Mandu are Korean dumplings with variations of fillings. They can be deep fried, steamed, cooked or pan fried. The dough is easy to make and the filling can be made to taste. In Korea Mandu are eaten as an appetizer, for the main course, as a snack or in a soup.
You can buy ready-made frozen dumpling wrappers (Korean: mandupi; Japanese: gyoza; Chinese: wonton) in Asian shops and skip the next step. However, making the dough is not difficult. The only ingredients that you need for 22 wrappers are:
200 g flour
100 ml warm water
1 pinch of salt
Mix and then kneed all three ingredients by hand until they come together to a smooth dough. Let it rest in a covered bowl while you prepare the filling.
1 onion, finely chopped
200 g Chinese cabbage, pointed cabbage or plain while cabbage, finely chopped
80 g pork minced meat or crumbled tofu
1 carrot, finely chopped
1 tablespoon sesame oil
1 tablespoon soy sauce
1 piece of ginger (thumb-sized)
1 garlic clove, crushed
salt and pepper
2 tablespoons cornstarch
Briefly sauté onions, cabbage, minced meat and carrots in oil and season with other ingredients. At the end add cornstarch and set filling aside. Kneed the dough until it is smooth and elastic. Divide the dough into 22 same-sized parts and roll them into balls. Flatten them carefully with a rolling pin on a floured surface into thin (1.5 mm) 8 cm circles. If you buy ready-made dumpling wrappers, they should be defrosted in the refrigerator so the melting ice does not soak the dough.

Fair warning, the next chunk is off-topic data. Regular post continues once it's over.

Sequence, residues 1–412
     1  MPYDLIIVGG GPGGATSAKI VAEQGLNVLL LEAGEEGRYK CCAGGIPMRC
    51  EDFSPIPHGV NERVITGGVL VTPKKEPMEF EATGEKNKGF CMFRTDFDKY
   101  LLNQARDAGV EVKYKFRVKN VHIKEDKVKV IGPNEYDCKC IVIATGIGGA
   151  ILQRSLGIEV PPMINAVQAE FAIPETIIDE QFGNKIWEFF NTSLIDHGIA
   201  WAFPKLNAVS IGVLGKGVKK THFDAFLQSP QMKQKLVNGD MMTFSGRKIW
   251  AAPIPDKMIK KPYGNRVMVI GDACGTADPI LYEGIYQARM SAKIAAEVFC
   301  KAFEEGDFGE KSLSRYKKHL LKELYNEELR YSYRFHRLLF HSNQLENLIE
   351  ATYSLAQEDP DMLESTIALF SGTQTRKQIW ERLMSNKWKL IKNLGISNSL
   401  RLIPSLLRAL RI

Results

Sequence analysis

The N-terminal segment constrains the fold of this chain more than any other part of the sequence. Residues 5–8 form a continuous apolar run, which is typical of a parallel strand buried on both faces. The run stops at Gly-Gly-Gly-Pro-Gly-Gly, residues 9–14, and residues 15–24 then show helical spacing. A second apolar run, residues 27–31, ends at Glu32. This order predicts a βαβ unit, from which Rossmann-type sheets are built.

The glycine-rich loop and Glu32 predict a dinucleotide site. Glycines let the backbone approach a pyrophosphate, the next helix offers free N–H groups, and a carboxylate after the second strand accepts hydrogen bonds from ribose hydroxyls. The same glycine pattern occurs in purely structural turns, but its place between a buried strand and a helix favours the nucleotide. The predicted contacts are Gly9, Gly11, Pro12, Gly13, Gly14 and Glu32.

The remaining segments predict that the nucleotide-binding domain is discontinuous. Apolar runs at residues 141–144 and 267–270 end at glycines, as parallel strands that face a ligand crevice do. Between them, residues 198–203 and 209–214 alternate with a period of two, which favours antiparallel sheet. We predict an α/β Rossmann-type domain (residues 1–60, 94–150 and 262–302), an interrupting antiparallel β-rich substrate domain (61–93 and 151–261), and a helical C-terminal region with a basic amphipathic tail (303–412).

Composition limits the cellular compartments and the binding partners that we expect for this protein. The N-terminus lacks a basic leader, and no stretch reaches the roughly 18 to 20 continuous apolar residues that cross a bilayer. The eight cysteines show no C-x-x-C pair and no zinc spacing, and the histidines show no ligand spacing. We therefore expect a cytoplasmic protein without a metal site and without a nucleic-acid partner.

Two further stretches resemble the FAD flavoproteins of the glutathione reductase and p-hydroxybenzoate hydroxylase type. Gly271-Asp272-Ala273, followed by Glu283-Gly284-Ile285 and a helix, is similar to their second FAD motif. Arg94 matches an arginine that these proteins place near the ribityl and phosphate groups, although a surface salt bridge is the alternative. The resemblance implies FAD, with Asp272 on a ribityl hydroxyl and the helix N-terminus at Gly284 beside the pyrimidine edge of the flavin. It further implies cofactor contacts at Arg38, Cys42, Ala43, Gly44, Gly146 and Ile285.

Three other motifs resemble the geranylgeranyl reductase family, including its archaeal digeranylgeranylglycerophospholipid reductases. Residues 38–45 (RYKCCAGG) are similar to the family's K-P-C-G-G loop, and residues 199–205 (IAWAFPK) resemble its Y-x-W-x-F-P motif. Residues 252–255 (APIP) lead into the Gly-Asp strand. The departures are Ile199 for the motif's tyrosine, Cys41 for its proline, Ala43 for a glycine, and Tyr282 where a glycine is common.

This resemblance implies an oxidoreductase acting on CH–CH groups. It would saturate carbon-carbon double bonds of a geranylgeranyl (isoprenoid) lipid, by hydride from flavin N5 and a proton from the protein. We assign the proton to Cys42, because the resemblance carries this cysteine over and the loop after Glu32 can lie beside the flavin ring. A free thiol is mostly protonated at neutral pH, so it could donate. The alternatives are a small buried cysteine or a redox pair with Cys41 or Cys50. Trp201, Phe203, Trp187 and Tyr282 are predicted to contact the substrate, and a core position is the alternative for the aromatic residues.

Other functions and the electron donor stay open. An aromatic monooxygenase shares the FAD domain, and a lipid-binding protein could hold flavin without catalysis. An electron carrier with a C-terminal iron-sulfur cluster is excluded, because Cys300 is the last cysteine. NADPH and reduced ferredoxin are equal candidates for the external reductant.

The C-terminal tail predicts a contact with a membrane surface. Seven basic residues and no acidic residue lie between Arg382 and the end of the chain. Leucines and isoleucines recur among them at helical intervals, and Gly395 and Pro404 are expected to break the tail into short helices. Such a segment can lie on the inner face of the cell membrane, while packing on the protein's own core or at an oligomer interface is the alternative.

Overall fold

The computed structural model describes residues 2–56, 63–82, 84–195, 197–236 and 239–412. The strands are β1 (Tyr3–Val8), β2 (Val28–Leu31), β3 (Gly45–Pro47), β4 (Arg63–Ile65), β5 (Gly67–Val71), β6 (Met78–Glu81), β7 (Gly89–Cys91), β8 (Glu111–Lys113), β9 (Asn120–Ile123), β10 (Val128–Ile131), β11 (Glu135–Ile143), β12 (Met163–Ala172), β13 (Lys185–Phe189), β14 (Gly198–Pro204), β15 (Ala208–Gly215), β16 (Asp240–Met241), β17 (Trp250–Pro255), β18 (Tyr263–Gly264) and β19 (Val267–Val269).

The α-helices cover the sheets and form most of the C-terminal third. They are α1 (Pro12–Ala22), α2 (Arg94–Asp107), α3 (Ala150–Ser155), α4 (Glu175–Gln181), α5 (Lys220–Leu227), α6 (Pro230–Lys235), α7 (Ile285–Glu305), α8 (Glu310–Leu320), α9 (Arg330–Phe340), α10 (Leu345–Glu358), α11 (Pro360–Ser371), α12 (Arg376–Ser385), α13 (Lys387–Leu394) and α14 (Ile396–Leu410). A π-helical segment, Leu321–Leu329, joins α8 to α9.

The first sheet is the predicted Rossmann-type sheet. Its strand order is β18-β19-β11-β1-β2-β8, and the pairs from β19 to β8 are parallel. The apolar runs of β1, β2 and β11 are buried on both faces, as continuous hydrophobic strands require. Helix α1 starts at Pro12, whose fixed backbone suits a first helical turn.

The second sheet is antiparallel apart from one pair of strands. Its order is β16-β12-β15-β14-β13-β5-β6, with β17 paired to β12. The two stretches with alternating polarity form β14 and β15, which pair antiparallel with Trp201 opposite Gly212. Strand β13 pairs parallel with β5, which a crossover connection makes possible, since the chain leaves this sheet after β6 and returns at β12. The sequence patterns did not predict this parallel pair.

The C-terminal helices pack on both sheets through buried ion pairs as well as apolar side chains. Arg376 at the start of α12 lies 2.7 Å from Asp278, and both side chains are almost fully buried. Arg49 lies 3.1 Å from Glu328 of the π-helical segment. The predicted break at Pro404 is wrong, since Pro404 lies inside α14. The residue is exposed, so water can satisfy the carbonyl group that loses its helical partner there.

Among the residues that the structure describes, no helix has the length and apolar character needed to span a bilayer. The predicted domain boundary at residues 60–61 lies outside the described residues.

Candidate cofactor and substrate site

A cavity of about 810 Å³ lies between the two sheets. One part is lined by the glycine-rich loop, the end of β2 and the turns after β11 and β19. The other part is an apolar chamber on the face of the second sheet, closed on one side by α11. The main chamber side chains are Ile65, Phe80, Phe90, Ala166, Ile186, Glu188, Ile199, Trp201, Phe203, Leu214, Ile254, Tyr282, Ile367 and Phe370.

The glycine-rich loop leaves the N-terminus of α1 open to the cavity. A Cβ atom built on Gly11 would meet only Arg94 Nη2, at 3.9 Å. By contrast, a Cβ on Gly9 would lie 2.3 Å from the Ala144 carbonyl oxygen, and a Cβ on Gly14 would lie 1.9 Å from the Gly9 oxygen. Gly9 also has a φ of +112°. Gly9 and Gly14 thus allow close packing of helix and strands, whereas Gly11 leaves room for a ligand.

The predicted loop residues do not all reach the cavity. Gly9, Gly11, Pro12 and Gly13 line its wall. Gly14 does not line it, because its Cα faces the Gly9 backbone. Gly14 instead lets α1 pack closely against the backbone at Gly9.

Folding the mandu requires some patience. If you are right-handed, you lay a wrapper into your left hand and place a tablespoon of the filling on the wrapper. Then you fold the wrapper in the middle loosely forming a half-moon shape. Push the air out with your fingers and seal the edges starting on the right side. You might have to wet the edges with water to make them stick.
The folded mandu can be either steamed over boiling water for 10 to 12 minutes (Jjin Mandu), pan fried for 2 to 3 minutes on each side (Gun Mandu, add a little water and steam for 2 minutes) or boiled in hot water for 5 minutes (Mul Mandu).
Mandu tastes especially delicious when served with a dipping sauce:
1 tablespoon soy sauce
1 teaspoon vinegar
1 teaspoon water or rice wine
½ teaspoon sugar
1 pinch of pepper
1 pinch or red chili flakes (Gochugaru)
The left-over Mandu dumplings can be wrapped in foil and stored in the freezer in a freezer bag. The readymade mandu can be warmed in the oven at 150° c for 20 minutes.